Pioneer 10, 11 observations of the solar wind and magnetic field between 1 and 20 AU are reviewed. Spatial dependences, which are emphasized, must be inferred in the presence of large temporal variations including solar cycle effects. The separation of spatial and temporal dependences is achieved principally through the use of multipoint observations including baseline measurements at 1 AU. Measurements of the solar wind parameters (radial speed, flux, proton temperature) and of the magnetic field magnitude and components are compared with two theories, the Parker theory which assumes radial, azimuthally symmetric flow and the Goldstein-Jokipii theory which includes effects associated with stream-stream interactions. The observed radial gradients in the proton density and velocity and the magnetic field are consistent with the Parker model. A qualitative dependence of field magnitude on heliomagnetic latitude, i.e., referred to the observed location of the heliospheric current sheet, was derived. The field strength was found to decrease with distance from the current sheet

    Caring for America’s aging population: a profile of the direct-care workforce

    Get PDF
    Direct-care workers constitute a low-wage, high-turnover workforce with low levels of health insurance; taking these characteristics into account guides the challenge of how to deal with the growing demand for long-term care by an aging U.S. population

    Development of optical modulators for measurements of solar magnetic fields

    Get PDF
    The measurement of polarized light allows solar astronomers to infer the magnetic field on the Sun. The accuracy of these measurements is dependent on the stable retardation characteristics of the polarization modulators used to minimize the atmospheric effects seen in ground-based observations. This report describes the work by the Space Science Laboratory at Marshall Space Flight Center to improve two types of polarization modulators. As a result, the timing characteristics for both electrooptic crystals (KD*Ps) and liquid crystal devices (LCDs) have been studied and will be used to enhance the capabilities of the MSFC Vector Magnetograph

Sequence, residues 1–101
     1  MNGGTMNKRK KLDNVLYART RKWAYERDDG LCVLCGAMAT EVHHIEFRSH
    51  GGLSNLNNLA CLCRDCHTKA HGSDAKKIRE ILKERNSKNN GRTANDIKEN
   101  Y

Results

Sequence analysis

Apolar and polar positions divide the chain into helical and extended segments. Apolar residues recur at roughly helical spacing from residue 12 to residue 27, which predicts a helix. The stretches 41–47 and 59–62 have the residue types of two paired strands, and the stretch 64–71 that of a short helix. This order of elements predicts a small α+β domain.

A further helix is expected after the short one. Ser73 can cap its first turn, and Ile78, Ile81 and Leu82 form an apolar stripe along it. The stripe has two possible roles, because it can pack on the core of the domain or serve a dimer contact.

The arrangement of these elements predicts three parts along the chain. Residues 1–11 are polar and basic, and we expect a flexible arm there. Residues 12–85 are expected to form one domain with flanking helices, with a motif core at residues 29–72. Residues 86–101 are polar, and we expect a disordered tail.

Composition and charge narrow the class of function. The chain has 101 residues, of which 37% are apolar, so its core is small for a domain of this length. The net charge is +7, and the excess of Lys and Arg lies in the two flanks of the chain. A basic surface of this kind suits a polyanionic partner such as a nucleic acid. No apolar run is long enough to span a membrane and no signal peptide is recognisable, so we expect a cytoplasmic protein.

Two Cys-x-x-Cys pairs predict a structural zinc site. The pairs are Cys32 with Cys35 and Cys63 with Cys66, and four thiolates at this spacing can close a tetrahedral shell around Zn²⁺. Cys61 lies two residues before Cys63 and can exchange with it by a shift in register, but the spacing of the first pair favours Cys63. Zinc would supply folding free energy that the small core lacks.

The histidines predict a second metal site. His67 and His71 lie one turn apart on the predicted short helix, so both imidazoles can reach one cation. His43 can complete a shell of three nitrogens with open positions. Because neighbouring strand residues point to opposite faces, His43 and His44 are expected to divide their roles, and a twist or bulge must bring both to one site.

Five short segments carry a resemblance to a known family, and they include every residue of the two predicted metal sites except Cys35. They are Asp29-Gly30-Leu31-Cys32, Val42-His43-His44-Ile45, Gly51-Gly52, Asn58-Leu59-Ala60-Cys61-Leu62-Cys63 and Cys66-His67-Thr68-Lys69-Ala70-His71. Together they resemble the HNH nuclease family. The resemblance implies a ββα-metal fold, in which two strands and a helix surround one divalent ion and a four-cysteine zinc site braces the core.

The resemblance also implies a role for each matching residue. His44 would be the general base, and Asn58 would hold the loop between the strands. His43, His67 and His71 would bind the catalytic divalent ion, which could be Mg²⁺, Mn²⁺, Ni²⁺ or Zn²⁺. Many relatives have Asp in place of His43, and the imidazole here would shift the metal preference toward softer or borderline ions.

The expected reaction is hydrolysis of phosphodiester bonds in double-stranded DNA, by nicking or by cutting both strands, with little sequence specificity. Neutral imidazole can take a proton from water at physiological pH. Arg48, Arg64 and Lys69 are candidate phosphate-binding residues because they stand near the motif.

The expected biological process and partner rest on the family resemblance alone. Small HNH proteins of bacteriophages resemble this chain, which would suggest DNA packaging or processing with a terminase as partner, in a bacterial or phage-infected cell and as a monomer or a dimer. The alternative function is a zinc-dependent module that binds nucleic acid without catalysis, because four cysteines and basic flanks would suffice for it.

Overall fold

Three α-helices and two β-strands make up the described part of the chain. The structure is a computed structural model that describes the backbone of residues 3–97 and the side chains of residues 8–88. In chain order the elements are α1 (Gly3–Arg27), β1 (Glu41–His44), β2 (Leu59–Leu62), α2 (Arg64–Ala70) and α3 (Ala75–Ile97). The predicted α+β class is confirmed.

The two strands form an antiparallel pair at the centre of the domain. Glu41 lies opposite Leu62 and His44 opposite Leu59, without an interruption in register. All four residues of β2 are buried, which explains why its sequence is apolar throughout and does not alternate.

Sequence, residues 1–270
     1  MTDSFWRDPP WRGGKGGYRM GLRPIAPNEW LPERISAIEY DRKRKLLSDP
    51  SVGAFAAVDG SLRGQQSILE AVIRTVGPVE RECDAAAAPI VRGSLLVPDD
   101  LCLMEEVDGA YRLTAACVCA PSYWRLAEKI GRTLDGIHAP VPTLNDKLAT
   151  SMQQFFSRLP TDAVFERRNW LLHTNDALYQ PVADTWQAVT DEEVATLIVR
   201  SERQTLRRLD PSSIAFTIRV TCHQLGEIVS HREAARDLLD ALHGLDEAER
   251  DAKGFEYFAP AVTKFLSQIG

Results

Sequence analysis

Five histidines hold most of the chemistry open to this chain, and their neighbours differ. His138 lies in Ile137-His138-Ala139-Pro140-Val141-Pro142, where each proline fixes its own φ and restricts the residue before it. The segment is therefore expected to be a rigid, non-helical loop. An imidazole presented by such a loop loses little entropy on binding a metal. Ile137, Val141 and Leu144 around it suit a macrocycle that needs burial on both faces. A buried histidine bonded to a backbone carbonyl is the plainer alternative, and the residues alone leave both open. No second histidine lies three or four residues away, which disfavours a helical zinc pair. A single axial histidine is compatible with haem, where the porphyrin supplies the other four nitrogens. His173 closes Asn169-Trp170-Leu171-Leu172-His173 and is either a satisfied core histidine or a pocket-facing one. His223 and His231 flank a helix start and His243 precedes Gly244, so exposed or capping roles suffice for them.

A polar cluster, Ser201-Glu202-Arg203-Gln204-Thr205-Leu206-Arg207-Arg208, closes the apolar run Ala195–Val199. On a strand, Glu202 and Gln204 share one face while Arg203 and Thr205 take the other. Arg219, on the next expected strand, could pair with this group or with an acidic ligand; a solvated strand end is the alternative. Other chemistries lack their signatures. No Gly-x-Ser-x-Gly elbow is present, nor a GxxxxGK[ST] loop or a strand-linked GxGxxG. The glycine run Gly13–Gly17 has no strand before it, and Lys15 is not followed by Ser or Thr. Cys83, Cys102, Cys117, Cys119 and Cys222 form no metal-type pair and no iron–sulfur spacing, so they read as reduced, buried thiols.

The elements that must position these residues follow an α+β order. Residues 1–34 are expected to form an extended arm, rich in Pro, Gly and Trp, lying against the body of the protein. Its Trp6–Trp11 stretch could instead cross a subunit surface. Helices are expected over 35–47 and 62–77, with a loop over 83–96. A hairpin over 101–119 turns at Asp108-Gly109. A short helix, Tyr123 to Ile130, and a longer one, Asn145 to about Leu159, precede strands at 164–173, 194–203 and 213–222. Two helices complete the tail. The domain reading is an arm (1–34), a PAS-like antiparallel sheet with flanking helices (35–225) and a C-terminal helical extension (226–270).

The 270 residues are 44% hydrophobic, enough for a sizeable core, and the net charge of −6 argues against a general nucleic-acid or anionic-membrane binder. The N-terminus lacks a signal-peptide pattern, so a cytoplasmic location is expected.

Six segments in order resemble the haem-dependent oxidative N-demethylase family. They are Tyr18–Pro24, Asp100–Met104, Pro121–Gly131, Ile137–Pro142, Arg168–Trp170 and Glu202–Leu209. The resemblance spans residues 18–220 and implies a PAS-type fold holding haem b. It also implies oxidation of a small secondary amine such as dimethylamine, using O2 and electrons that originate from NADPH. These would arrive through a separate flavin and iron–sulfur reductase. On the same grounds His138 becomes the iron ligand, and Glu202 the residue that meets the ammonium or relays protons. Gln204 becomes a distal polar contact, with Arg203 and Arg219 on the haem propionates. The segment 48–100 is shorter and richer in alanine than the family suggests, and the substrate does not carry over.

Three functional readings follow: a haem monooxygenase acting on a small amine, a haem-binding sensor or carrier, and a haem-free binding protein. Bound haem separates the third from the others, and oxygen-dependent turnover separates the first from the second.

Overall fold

Solar cycle variations in the interplanetary magnetic field

    Get PDF
    ISEE 3 interplanetary magnetic field measurements have been used to extend the NSSDC hourly averaged IMF composite data set through mid-1982. Most of sunspot cycle 20 (start:1964) and the first half of cycle 21 (start:1976) are now covered. The average magnitude of the field was relatively constant over cycle 20 with approx. 5-10% decreases in 1969 and 1971, when the Sun's polar regions changed polarity, and a 20% decrease in 1975-6 around solar minimum. Since the start of the new cycle, the total field strength has risen with the mean for the first third of 1982 being about 40% greater than the cycle 20 average. As during the previous cycle, an approx. 10% drop in IMF magnitude accompanied the 1980 reversal of the solar magnetic field. While the interplanetary magnetic field is clearly stronger during the present solar cycle, another 5-7 years of observations will be needed to determine if cycle 21 exhibits the same modest variations as the last cycle. Accordingly, it appears at this time that intercycle changes in IMF magnitude may be much larger than the intracycle variations
    • …